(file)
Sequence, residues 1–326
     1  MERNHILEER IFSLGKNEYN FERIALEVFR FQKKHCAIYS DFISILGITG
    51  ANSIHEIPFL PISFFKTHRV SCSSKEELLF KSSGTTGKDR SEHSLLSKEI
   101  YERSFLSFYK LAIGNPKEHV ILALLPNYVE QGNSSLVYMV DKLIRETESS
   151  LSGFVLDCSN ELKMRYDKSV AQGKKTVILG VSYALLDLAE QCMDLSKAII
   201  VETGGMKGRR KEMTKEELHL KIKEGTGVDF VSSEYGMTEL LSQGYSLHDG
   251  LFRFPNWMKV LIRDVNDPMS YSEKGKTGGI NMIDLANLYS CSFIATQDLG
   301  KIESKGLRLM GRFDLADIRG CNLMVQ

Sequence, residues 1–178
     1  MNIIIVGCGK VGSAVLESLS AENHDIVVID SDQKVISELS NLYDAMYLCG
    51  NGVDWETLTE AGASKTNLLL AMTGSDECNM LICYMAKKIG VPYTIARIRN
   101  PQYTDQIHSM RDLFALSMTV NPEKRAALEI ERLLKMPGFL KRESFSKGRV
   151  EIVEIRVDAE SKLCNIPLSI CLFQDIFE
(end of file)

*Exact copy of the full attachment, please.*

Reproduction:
Sequence, residues 1–326
     1  MERNHILEER IFSLGKNEYN FERIALEVFR FQKKHCAIYS DFISILGITG
    51  ANSIHEIPFL PISFFKTHRV SCSSKEELLF KSSGTTGKDR SEHSLLSKEI
   101  YERSFLSFYK LAIGNPKEHV ILALLPNYVE QGNSSLVYMV DKLIRETESS
   151  LSGFVLDCSN ELKMRYDKSV AQGKKTVILG VSYALLDLAE QCMDLSKAII
   201  VETGGMKGRR KEMTKEELHL KIKEGTGVDF VSSEYGMTEL LSQGYSLHDG
   251  LFRFPNWMKV LIRDVNDPMS YSEKGKTGGI NMIDLANLYS CSFIATQDLG
   301  KIESKGLRLM GRFDLADIRG CNLMVQ

Sequence, residues 1–178
     1  MNIIIVGCGK VGSAVLESLS AENHDIVVID SDQKVISELS NLYDAMYLCG
    51  NGVDWETLTE AGASKTNLLL AMTGSDECNM LICYMAKKIG VPYTIARIRN
   101  PQYTDQIHSM RDLFALSMTV NPEKRAALEI ERLLKMPGFL KRESFSKGRV
   151  EIVEIRVDAE SKLCNIPLSI CLFQDIFE